For whatever was written in earlier times was written for our instruction, so that through perseverance and the encouragement of the Scriptures we might have hope. — Romans 15:4
1 Peter 1:3; Romans 5:5
We were out of options the day the sheriff’s car pulled into our driveway. After a series of unfortunate events, things had gone from bad to worse to hopeless.
The officer’s smile did nothing to relieve the discomfort of this dreadful moment. As she handed me the papers, I began to cry. Acknowledging the baby in my arms and the toddler peeking out from behind me, she kindly said, “I’m sorry.”
“Thank you,” I whispered, as I slowly closed the door.
I read through the official documents. Elaborate legal terms, laws I didn’t understand, and words in bold letters conveyed the dreadful news: “You must vacate the premises within thirty days.”
It was unwanted and unavoidable. It felt shameful and embarrassing. It launched our family into an aching process of letting go.
The carefully painted mustard-yellow walls: I would miss them. How would I survive without the afternoon play dates with my neighbor and her children? And what about all those economical hot dog dinners my husband and I ate so we could save just a little more to buy this home?
Any hope I had left faded fast. Hope wasn’t something I could muster on my own. I knew I needed access to a greater hope — the kind of hope the apostle Paul describes: “For whatever was written in earlier times was written for our instruction, so that through perseverance and the encouragement of the Scriptures we might have hope.” (Romans 15:4).
During this devastating season of broken dreams, I needed the deep, historical roots of hope the Bible offers.
I could find hope because Abraham and Sarah found hope by believing God would give them a child in their old age (Genesis 15, Genesis 17, Genesis 18) . I could find hope because Ruth and Naomi found hope by trusting God would provide for them after they lost their husbands (Ruth 3). I could find hope because Mary and Martha found hope when Jesus raised their brother from the dead (John 11).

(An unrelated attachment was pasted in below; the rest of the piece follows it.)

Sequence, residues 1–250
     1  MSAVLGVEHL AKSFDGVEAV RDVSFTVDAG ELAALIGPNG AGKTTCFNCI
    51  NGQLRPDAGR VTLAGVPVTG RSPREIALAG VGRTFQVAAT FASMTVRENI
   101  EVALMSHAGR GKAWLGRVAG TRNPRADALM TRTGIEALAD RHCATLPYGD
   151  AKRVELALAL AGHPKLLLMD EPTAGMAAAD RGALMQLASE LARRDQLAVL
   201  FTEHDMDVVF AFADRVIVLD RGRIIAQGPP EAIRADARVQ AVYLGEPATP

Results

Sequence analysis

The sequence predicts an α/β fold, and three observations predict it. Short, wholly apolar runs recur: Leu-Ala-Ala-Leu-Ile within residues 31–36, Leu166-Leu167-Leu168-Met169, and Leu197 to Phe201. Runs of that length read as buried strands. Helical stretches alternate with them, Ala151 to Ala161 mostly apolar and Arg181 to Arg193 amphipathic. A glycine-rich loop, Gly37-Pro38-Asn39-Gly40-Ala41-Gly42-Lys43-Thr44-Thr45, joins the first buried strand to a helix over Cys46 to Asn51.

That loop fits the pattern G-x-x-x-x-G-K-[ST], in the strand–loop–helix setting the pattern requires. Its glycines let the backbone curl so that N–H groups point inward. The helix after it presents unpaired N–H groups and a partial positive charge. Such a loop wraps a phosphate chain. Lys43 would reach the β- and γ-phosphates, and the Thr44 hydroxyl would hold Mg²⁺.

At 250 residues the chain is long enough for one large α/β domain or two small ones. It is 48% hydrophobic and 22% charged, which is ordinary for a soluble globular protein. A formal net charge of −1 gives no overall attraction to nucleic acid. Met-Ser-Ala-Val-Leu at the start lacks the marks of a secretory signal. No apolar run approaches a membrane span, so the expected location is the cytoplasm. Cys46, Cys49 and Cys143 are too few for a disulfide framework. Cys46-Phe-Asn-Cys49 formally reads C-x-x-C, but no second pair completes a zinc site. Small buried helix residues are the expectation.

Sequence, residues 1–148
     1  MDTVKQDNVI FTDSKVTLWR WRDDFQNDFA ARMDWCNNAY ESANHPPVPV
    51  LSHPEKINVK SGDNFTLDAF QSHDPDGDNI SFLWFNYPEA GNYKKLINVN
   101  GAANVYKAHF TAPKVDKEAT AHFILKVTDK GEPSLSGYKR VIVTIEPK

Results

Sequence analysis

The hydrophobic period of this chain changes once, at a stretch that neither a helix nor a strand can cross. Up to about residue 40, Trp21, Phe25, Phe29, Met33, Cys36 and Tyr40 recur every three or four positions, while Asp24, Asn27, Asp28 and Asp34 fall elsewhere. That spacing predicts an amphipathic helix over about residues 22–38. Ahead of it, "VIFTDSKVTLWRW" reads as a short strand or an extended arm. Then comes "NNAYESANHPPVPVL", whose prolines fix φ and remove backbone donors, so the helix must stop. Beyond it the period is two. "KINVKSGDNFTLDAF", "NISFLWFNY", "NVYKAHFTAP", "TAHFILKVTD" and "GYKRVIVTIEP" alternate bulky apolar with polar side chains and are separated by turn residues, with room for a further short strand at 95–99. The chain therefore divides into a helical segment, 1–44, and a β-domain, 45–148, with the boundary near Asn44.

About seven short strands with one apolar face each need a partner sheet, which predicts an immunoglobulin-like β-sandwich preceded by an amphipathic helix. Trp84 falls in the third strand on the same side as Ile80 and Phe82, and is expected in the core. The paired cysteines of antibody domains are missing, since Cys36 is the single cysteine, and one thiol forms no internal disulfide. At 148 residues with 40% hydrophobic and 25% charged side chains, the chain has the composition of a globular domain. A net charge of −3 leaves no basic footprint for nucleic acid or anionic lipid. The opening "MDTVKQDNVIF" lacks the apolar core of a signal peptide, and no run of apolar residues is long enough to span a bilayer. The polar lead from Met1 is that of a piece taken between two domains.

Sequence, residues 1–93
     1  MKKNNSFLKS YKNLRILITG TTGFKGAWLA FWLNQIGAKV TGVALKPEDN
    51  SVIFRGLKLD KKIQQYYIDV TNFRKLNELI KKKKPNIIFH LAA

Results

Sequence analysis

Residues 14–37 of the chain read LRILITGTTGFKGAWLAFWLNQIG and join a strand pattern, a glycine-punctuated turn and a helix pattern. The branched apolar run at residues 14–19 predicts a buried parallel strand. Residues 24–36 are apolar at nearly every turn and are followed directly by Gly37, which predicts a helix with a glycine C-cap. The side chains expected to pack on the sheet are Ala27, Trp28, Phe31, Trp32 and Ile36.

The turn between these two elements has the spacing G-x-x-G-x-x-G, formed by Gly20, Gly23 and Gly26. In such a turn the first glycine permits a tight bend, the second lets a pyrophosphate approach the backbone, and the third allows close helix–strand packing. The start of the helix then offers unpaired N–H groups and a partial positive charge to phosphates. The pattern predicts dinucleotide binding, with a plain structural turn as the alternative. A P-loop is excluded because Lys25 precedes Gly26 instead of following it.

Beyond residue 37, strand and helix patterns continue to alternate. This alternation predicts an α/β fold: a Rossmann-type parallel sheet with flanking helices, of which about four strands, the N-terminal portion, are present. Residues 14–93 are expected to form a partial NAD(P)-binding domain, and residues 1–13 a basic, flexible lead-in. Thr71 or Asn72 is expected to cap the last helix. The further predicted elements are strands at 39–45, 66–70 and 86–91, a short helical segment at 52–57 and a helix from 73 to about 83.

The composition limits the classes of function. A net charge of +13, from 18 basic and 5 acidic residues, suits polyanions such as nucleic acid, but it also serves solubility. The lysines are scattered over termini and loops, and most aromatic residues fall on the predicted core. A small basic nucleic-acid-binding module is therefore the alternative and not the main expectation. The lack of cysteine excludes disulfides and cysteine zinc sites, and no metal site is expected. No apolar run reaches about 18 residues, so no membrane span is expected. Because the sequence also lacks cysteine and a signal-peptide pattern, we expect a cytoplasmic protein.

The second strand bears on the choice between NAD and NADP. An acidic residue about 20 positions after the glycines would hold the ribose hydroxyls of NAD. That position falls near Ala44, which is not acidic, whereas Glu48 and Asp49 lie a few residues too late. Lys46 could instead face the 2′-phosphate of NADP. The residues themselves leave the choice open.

As I closed the door to our home for the last time, I accepted this place of brokenness. But I also made a choice to find hope no matter what. I found hope when my daughters excitedly explored our new rental home. I found hope when my mom cheerfully helped unpack our boxes. I found hope when my husband’s heart drew closer to mine through this difficult experience.
Hope is at the core of our faith in Christ. As we allow His hope to flow into us, it will flow through us even in the most difficult circumstances.
If you are struggling today, take heart. Look back at those in the pages of Scripture who had hope. Allow their hope to give you courage and hope for your future. Hope heals our broken dreams.
Dear Lord, thank You for the hope You give me to heal the broken places in my life. I ask that You would give me the strength to find hope today. In Jesus’ name, Amen.
When life’s broken places lead us to Jesus, ultimately we will find hope.
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Why do you think it is so challenging to find hope in the midst of our dark circumstances? If you are feeling hopeless, reach out to a friend or two. Ask your friends to share an experience in which God gave them hope. What about you? You’re invited to leave your comments on our blog! ~ Devotionals Daily